In 2006 a research team from the Wellington School of Medicine and Health Sciences began research looking into the housing experiences of people with lower limb amputations and the role that housing providers, rehabilitation services and others have in ensuring that the housing needs of this group are met. This study, which is funded by the Health Research Council, runs over the next two years and involves in-depth interviews with 40 people. Of these, 20 will be Non-Māori and 20 Māori, in recognition of the high incidence of amputation in Māori whānau. Lower limb amputees who live in the catchment area covered by the Artificial Limb Centre from south of Hamilton to the Nelson region will be asked if they are willing to participate.

Philippa Howden-Chapman is the principle investigator for this study and is working with an interdisciplinary team from the Wellington School of Medicine and Health Sciences that includes Ms Jo-Ani Robinson (Public Health), Dr Sarah Dean (Rehabilitation and Training), Dr Kevin Dew (Public Health), Dr Mark Weatherall (Medicine) and Professor Chris Cunningham (Centre for Maori Health and Development). Policy makers, disabled people and experts in Maori kaupapa are also advising the team.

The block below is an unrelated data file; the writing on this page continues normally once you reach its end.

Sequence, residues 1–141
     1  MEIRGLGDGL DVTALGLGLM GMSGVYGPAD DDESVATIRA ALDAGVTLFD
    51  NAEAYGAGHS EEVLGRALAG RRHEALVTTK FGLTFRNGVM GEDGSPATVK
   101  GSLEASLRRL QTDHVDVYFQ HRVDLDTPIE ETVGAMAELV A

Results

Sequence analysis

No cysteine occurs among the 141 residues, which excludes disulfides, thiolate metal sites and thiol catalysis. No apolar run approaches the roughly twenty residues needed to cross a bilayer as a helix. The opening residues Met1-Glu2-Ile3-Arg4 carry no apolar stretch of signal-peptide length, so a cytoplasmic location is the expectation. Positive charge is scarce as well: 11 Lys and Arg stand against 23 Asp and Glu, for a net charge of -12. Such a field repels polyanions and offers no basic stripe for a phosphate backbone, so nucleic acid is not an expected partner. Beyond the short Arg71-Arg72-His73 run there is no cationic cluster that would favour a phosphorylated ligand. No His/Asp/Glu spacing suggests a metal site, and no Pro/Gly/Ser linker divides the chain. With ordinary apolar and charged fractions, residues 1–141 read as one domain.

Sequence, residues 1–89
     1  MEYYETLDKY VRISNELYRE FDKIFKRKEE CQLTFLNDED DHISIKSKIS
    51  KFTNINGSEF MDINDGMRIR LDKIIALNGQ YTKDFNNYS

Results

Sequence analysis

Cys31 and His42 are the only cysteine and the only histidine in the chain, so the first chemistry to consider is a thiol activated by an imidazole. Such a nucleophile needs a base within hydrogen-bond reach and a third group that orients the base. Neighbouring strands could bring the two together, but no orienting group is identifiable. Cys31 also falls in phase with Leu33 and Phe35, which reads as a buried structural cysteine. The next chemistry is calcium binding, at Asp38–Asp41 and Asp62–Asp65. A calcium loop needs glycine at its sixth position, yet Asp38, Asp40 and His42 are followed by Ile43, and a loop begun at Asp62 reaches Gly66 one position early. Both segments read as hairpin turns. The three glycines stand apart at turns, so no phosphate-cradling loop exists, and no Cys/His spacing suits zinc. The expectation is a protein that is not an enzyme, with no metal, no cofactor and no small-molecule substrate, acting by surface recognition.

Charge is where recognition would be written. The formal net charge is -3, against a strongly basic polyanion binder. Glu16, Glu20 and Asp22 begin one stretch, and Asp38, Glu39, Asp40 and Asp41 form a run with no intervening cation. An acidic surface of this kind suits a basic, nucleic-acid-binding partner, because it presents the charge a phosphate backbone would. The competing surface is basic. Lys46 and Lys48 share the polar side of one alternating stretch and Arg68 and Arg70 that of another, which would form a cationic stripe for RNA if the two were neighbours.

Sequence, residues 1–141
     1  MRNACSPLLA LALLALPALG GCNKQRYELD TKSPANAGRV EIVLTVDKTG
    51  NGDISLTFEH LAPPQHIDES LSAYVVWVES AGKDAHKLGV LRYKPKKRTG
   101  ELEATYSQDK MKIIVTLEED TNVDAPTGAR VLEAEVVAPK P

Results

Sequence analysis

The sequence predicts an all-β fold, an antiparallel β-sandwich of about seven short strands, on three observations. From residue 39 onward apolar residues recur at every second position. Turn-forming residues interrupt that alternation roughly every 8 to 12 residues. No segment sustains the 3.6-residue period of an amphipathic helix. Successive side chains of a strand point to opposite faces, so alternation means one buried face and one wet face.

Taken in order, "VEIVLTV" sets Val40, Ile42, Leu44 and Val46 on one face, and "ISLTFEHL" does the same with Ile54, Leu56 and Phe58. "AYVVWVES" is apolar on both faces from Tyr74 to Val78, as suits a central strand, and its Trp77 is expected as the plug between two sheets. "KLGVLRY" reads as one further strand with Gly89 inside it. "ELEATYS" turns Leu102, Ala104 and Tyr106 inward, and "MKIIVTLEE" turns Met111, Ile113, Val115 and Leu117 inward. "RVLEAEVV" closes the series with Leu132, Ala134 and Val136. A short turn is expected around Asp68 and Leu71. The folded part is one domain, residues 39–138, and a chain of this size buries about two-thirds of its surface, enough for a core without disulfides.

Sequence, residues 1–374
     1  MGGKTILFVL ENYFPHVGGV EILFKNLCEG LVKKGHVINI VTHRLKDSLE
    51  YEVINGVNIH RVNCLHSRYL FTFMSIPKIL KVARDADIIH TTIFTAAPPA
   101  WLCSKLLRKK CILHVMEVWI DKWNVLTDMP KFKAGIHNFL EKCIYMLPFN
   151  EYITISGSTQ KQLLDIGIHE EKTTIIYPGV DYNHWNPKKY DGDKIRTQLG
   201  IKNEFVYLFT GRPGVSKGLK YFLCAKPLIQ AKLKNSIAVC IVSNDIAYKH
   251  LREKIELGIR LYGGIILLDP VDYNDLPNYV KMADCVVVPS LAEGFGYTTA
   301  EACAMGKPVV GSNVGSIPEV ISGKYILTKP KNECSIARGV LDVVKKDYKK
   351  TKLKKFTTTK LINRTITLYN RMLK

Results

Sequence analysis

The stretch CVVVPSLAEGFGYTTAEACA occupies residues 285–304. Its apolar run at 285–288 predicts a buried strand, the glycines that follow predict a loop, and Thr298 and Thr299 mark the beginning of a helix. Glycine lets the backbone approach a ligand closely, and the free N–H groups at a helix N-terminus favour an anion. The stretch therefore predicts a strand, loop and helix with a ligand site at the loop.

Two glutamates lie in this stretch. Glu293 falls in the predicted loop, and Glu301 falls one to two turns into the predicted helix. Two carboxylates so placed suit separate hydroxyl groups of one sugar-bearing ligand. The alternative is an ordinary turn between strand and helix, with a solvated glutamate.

The study investigates four key areas related the housing experiences of lower limb amputees. These include the availability and choice of accessible housing and the differing experiences of amputees due to disease and due to injury. It will also include an investigation of the responses of housing providers and the role of public agencies in assisting amputees from the study group to meet their housing needs. Interviews for the study will be conducted in 2006 and 2007, results are expected to be published in 2007. The outcomes of the interviews will help to identify gaps in services and potential policy implications related to disabling conditions and health status, as well as pinpointing possible interventions designed to improve the quality of housing. It is also hoped that this study will lead to further research investigations in this important area.